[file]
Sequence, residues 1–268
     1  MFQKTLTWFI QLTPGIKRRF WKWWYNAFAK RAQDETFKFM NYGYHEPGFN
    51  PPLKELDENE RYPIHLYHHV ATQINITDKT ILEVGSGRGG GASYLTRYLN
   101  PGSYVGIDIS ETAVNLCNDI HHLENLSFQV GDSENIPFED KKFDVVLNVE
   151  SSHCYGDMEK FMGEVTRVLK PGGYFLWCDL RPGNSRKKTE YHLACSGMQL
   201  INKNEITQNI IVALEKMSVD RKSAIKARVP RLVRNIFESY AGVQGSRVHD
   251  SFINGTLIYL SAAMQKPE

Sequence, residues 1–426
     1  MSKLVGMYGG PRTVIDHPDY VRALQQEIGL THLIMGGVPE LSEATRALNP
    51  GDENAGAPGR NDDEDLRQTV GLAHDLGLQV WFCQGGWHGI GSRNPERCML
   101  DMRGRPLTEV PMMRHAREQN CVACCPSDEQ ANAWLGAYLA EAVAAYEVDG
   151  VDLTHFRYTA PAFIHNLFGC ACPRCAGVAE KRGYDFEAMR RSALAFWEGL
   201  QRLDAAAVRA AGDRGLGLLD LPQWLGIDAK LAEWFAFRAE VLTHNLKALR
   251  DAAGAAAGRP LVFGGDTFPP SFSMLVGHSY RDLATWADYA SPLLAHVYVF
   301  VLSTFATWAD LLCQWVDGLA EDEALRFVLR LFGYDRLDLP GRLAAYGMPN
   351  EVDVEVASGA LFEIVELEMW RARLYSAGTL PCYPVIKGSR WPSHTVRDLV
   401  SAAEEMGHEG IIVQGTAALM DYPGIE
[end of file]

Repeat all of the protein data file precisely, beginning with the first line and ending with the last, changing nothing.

Sequence, residues 1–268
     1  MFQKTLTWFI QLTPGIKRRF WKWWYNAFAK RAQDETFKFM NYGYHEPGFN
    51  PPLKELDENE RYPIHLYHHV ATQINITDKT ILEVGSGRGG GASYLTRYLN
   101  PGSYVGIDIS ETAVNLCNDI HHLENLSFQV GDSENIPFED KKFDVVLNVE
   151  SSHCYGDMEK FMGEVTRVLK PGGYFLWCDL RPGNSRKKTE YHLACSGMQL
   201  INKNEITQNI IVALEKMSVD RKSAIKARVP RLVRNIFESY AGVQGSRVHD
   251  SFINGTLIYL SAAMQKPE

Sequence, residues 1–426
     1  MSKLVGMYGG PRTVIDHPDY VRALQQEIGL THLIMGGVPE LSEATRALNP
    51  GDENAGAPGR NDDEDLRQTV GLAHDLGLQV WFCQGGWHGI GSRNPERCML
   101  DMRGRPLTEV PMMRHAREQN CVACCPSDEQ ANAWLGAYLA EAVAAYEVDG
   151  VDLTHFRYTA PAFIHNLFGC ACPRCAGVAE KRGYDFEAMR RSALAFWEGL
   201  QRLDAAAVRA AGDRGLGLLD LPQWLGIDAK LAEWFAFRAE VLTHNLKALR
   251  DAAGAAAGRP LVFGGDTFPP SFSMLVGHSY RDLATWADYA SPLLAHVYVF
   301  VLSTFATWAD LLCQWVDGLA EDEALRFVLR LFGYDRLDLP GRLAAYGMPN
   351  EVDVEVASGA LFEIVELEMW RARLYSAGTL PCYPVIKGSR WPSHTVRDLV
   401  SAAEEMGHEG IIVQGTAALM DYPGIE